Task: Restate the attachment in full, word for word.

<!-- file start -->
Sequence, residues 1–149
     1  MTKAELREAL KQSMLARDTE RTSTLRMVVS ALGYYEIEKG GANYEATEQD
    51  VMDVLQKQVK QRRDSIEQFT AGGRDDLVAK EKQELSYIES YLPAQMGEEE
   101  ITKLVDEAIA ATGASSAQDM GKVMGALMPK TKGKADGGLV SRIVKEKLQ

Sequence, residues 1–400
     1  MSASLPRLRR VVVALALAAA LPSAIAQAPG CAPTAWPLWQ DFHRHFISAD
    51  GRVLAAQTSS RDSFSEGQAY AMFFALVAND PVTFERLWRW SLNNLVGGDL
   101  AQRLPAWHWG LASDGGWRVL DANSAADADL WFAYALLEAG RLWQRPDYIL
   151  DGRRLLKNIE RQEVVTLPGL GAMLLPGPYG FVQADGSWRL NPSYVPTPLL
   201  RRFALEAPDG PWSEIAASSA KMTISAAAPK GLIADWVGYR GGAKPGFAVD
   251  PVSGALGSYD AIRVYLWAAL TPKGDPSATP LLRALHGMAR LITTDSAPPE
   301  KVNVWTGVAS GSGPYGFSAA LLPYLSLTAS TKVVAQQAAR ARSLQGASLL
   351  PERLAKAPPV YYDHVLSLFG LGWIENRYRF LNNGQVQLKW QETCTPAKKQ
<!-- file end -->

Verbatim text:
Sequence, residues 1–149
     1  MTKAELREAL KQSMLARDTE RTSTLRMVVS ALGYYEIEKG GANYEATEQD
    51  VMDVLQKQVK QRRDSIEQFT AGGRDDLVAK EKQELSYIES YLPAQMGEEE
   101  ITKLVDEAIA ATGASSAQDM GKVMGALMPK TKGKADGGLV SRIVKEKLQ

Sequence, residues 1–400
     1  MSASLPRLRR VVVALALAAA LPSAIAQAPG CAPTAWPLWQ DFHRHFISAD
    51  GRVLAAQTSS RDSFSEGQAY AMFFALVAND PVTFERLWRW SLNNLVGGDL
   101  AQRLPAWHWG LASDGGWRVL DANSAADADL WFAYALLEAG RLWQRPDYIL
   151  DGRRLLKNIE RQEVVTLPGL GAMLLPGPYG FVQADGSWRL NPSYVPTPLL
   201  RRFALEAPDG PWSEIAASSA KMTISAAAPK GLIADWVGYR GGAKPGFAVD
   251  PVSGALGSYD AIRVYLWAAL TPKGDPSATP LLRALHGMAR LITTDSAPPE
   301  KVNVWTGVAS GSGPYGFSAA LLPYLSLTAS TKVVAQQAAR ARSLQGASLL
   351  PERLAKAPPV YYDHVLSLFG LGWIENRYRF LNNGQVQLKW QETCTPAKKQ